parallel computing, larger problems can be solved and also time to solve these problems

decreases.

1.1 Types of Parallel Processing

There are several types of parallel architectures, Symmetric MultiProcessing (SMP),

Massively Parallel Processing (MPP), and clusters. Symmetric multiprocessing systems

contain processors that share the same memory and memory bus. These systems are

limited to their number of CPUs because as the number of CPUs increases, so does the

requirement of having a very high speed bus to efficiently handle the data. Massively

parallel processing systems overcome this limitation by using a message passing system.











The message passing scheme can connect thousands of processors each with their own

memory by using a high speed, low latency network. Often the message passing systems

are proprietary but the MPI [1] standard can also be used.

1.1.1 Clusters

Clusters are distributed memory systems built from Commodity Off The Shelf

(COTS) components connected by a high speed network. Unlike MPP systems, how-

ever, clusters largely do not use a proprietary message passing system. They often use

one of the many MPI [1] standard implementations such as MPICH [2] and LAM/MPI

[3]. Clusters offer high availability, scalability, and the benefit of building a system with

supercomputer power at a fraction of the cost [4]. By using commodity computer systems

and network equipment along with the free Linux operating system, clusters can be built

by large corporations or by an enthusiast in their basement. They can be built from prac-

tically any computer, from an Intel 486 based system to a high end Itanium workstation.

Another benefit of using a cluster, is that the user is not tied to a specific vendor or its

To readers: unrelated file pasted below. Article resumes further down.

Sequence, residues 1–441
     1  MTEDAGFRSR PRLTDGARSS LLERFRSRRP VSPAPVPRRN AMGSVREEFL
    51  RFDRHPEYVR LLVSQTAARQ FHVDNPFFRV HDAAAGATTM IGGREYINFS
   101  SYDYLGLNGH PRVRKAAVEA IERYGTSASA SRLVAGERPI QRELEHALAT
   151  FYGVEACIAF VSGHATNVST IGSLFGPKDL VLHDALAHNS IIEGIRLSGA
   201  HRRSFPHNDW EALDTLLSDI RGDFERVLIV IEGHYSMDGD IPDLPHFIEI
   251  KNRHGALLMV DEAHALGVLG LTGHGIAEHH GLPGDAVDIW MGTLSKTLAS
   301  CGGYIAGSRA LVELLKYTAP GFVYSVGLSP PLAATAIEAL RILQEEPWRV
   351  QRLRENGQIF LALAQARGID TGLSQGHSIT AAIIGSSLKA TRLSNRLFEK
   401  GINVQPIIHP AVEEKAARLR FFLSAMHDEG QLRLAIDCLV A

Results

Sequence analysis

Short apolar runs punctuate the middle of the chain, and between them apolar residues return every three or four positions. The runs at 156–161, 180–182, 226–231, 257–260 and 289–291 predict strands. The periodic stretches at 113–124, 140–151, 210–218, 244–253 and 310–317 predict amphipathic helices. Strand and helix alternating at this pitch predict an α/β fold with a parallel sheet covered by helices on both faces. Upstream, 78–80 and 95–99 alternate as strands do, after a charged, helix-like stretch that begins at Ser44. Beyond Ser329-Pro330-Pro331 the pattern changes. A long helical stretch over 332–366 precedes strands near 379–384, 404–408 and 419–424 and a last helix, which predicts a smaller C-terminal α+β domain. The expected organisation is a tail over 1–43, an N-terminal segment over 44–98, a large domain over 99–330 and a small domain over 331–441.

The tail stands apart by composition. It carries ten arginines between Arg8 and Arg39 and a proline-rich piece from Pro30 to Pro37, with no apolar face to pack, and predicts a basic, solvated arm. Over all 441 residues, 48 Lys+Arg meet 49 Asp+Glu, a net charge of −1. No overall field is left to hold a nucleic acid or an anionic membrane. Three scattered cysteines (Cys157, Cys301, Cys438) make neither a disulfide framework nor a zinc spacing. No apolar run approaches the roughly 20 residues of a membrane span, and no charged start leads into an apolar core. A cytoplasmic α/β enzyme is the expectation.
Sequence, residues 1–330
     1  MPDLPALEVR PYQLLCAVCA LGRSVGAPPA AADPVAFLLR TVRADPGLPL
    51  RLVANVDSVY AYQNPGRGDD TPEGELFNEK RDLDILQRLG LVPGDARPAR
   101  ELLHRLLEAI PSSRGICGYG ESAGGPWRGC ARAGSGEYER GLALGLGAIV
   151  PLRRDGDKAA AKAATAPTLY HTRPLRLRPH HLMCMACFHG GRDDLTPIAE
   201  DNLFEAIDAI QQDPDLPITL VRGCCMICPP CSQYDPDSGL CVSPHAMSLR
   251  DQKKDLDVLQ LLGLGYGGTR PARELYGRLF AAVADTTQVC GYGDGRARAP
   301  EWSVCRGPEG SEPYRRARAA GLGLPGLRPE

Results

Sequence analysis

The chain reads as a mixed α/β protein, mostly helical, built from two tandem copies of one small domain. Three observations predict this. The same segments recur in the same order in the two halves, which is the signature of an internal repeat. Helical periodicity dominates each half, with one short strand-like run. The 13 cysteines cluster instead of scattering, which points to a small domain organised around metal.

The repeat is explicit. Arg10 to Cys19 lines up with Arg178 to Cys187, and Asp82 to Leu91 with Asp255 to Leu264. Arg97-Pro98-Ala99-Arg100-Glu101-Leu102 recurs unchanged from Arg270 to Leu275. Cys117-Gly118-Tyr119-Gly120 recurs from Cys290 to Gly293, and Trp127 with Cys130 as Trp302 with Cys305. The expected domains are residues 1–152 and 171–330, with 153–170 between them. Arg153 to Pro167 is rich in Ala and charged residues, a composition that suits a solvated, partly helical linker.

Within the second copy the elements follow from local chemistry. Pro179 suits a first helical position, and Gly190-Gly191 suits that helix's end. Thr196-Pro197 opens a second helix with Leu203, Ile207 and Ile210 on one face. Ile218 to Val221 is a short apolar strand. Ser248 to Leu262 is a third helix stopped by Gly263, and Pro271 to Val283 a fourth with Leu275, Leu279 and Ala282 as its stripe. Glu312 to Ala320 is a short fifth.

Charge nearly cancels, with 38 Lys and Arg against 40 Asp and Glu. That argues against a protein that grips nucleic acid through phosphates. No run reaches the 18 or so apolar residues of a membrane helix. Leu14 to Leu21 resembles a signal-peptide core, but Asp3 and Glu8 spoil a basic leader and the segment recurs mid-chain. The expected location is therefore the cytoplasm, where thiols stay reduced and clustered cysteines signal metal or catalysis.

offerings. The cluster builder can customize the cluster to their specific problem using

hardware and software that presents the most benefit or what they are most familiar with.

1.1.2 Beowulf Cluster

A Beowulf cluster is a cluster of computers that is dedicated along with the network

only to parallel computing and nothing else [5]. The Beowulf concept began in 1993 with

Donald Becker and Thomas Sterling outlining a commodity component based cluster that

would be cost effective and an alternative to expensive supercomputers. In 1994, while

working at Center of Excellence in Space Data and Information Sciences (CESDIS), the

Beowulf Project was started. The first Beowulf cluster was composed of sixteen Intel

DX4 processors connected by channel bonded Ethernet [5]. The project was an instant

success and led to further research in the possibilities of creating a high performance

system based on commodity products.











For a Beowulf cluster there are compute nodes and a master node which presides

over the compute nodes. The compute nodes of a Beowulf cluster may not even have

a monitor, keyboard, mouse, or video card. The compute nodes are all COTS comput-

ers, generally identical, that run open source software and a variant of the Linux or Unix

operating system [6]. Linux is a robust, multitasking derivative of the Unix operating

system that allows users to view the underlying source code, modify it to their needs if

necessary, and also escape some of the vendor lock-in issues of some proprietary oper-

ating systems. Some benefits of using Linux are that it is very customizable, runs under

multiple platforms, and it can be obtained from numerous websites for free.

For Beowulf clusters there is a master node that often has a monitor and keyboard

and also has a network connection to the outside world and another network card for

connecting to the cluster. The master node performs such activities as data backup, data